• Bristol, North Somerset and South Gloucestershire only CCG to make significant reforecast in its mid-year reporting
  • Says higher than expected continuing healthcare costs are to blame for deterioration
  • Dozens more CCGs have missed their mid-year plans, but maintained their year-end forecast

A large clinical commissioning group has admitted it will miss its financial plan by around £13m, due to higher than expected spending on continuing healthcare costs.

Mid-year performance figures published by NHS England showed Bristol, North Somerset and South Gloucestershire CCG has formally updated its year-end forecast to a deficit of £25m, against its planned deficit of £12m.

Its most recent governing body papers said continuing healthcare costs were driving the overspend.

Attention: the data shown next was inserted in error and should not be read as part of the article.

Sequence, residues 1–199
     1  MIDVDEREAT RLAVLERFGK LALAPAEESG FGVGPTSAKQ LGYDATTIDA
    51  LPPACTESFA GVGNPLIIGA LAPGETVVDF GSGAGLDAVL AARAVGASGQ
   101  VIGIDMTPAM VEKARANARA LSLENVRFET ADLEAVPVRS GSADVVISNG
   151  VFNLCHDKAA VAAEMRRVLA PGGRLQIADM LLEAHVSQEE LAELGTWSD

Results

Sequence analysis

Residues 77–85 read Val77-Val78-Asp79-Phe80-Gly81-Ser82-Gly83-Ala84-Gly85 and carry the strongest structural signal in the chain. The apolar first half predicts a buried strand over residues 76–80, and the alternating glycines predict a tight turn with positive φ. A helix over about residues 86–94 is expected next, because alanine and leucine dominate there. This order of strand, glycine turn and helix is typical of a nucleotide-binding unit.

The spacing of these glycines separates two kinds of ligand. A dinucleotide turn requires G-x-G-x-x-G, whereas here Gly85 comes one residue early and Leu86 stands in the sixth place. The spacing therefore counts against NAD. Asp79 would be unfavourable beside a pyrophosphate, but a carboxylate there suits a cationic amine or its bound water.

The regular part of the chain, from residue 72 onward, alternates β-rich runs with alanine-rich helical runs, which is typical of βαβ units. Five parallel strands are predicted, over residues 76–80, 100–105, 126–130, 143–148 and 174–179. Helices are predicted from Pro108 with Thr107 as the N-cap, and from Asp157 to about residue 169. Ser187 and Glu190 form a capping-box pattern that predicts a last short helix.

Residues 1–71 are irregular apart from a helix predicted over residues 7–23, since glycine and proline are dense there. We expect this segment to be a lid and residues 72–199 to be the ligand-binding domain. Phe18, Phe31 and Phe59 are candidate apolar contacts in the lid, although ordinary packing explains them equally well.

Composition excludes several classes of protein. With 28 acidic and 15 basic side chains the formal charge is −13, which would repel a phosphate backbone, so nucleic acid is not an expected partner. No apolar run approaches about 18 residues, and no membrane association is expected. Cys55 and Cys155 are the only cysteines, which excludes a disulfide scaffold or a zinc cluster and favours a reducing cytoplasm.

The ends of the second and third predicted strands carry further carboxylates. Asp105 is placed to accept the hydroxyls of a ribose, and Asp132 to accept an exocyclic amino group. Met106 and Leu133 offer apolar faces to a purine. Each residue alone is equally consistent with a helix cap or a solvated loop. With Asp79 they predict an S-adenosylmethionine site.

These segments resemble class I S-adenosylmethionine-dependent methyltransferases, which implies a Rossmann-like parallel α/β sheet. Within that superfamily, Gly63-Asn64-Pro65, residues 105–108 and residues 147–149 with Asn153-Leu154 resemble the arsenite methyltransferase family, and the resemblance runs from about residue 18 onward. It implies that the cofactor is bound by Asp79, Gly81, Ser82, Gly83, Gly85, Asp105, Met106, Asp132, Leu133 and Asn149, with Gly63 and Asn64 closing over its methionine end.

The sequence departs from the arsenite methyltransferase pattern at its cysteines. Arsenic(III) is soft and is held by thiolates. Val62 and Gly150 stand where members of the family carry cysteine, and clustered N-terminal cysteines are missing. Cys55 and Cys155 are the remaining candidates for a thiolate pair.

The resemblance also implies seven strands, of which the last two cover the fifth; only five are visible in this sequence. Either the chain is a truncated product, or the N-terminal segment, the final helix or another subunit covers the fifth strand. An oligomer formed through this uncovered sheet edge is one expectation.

The CCG told HSJ the number of complex continuing healthcare cases increased by 36 per cent during the 18 months to September 2019, and accounted for £11m of the forecast variance. It said the remainder was accounted for by higher than planned price increases for certain drugs.

Continuing healthcare refers to care given to people in a social care setting, but which is eligible for NHS funding.

A CCG spokesman said: “We submitted a challenging financial plan for 2019-20 which, while deliverable, had very limited contingency and therefore a higher level of risk from unanticipated cost pressures.

“During quarters 1 and 2 we identified a significant and unanticipated increase in costs associated with continuing healthcare. We have a statutory duty to meet these costs and they account for the vast majority of the variance in our year-end forecast.”

The figures were part of NHSE’s month six finance performance report, which said CCGs had overspent against their combined mid-year plans by £152m. However, BNSSG was the only CCG to make a significant change to its year-end forecast.

Coventry and Warwickshire missed its mid-year plan by more than £11m, while Wirral was £10m short.

In total, 51 CCGs fell short of their mid-year planned position.